By James Robert Smith
It was a tick. He could smell it through the walls of the house. Oh, how he hated them. He was more than ready to punch his way through the door and dispose of it, but first he had to make sure of the child’s safety.
Agent 67 looked down at the girl and did his best to give her a reassuring smile. His genetic makeup was top-loaded with both paternal and maternal instincts. In fact, it was foremost in his psyche. The child’s face was wet with tears and she was, of course, very afraid. Not afraid of the Agent, but of what she had seen in the house before fleeing for help. He wasn’t completely surprised she’d made it out of the home. Ticks were like that. They would become so absorbed in their attack that they allowed their bloodlust to blot out what remained of their common sense.
“Do you see the nice Police lady?” Agent 67 pointed to a young officer in blue who was stationed on the other side of the street. He motioned for her and she trotted across to where he was standing with the girl.
The child nodded. She was wearing a pink nightdress, spotted with blood. God knew what she’d seen. Enough to frighten her and send the six-year-old screaming into the lawn where neighbors had found her. Her nose was running and her red hair hung limp and damp to her shoulders. The Agent wiped her nose with his gloved hand as he lifted her up in his vast and powerful arms.
Just as the police officer got to him, he smiled at the girl one more time and handed her over.
“Take good care of her,” he told the young woman. The cop nodded and retrieved the child, reaching up to take her, nodding to the Agent.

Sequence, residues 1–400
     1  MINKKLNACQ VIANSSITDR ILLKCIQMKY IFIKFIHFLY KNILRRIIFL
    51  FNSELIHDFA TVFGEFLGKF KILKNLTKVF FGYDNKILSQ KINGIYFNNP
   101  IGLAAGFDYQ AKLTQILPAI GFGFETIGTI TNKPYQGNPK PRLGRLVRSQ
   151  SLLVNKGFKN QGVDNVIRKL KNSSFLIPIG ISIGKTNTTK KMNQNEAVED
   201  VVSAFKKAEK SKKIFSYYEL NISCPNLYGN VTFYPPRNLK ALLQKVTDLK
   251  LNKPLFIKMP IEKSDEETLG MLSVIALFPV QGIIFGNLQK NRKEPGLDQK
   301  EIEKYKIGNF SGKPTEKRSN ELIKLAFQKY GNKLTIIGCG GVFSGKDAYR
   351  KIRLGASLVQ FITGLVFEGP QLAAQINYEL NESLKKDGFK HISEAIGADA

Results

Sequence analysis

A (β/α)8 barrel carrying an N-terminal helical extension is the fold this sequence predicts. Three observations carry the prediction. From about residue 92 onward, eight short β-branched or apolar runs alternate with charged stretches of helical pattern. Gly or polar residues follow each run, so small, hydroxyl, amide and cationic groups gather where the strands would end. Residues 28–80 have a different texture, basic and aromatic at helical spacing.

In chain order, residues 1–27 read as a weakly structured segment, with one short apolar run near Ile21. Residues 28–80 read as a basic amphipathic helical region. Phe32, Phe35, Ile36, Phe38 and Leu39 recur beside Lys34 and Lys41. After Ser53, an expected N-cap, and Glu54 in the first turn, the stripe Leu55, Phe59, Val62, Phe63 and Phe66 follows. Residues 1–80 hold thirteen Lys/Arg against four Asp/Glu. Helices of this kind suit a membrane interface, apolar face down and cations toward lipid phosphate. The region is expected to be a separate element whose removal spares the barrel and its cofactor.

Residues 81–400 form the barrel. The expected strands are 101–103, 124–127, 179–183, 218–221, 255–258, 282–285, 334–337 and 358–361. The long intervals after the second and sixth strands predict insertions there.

The woman in police-issue fatigues backed away a couple of steps. She was a very attractive woman, the Agent noted. Her uniform fit her well, accentuating her physique to great effect. He could see both awe and a little fear in her green eyes. Without asking her, he knew that this was the first time she’d ever seen an Agent in person. And he was well aware of the effect he and his kind had on normals.
Just as the officer turned to trot across the residential street with her precious cargo, the child called out. “Please don’t hurt my Daddy,” she pleaded. “And make sure Mommy is okay.”
At that, Agent 67 ducked his head, turned his enormous, black-clad torso and strode toward the house until he was standing directly before the front door through which the little girl had so recently fled. If only he could have heeded the child’s wishes. But it was too late for that. Her mother was likely already dead and her father was no longer human. He was a tick, now. And there was nothing the Agent hated more than that.
He went directly to the front door and put his forehead almost directly on the white-painted wood. It had little windows cut into it with beveled glass that created prisms that glittered in the reflected blue and white rays from the strobe lights on the three police cars that had been called in as backup. The Agent always thought it was nice that they sent the so-called backup, but they would be neither needed nor used in such a manner. It was sufficient that they do things like care for soon-to-be orphaned children and to keep gawking citizens at bay and out of danger. Other than that, they were of no real service to him, or to any other Agent.
Agents were pretty much beyond such things as needing help from a normal.
67 furrowed his tan brow and glared at the door as he wished he could glare at the tick he knew was inside. His closely cropped blonde hair was almost like a halo of fuzz around his skull. He squinted, cleared his throat, and talked at the barrier of solid wood.
“Mr. Barris. This is Agent 67. You know why I’m here.” He paused. Behind him, the people were all quiet, although he could feel dozens of sets of eyes peering at the scene. “Have you…” he didn’t finish that sentence. The child was out of sight and could not hear. “Is Mrs. Barris still alive?”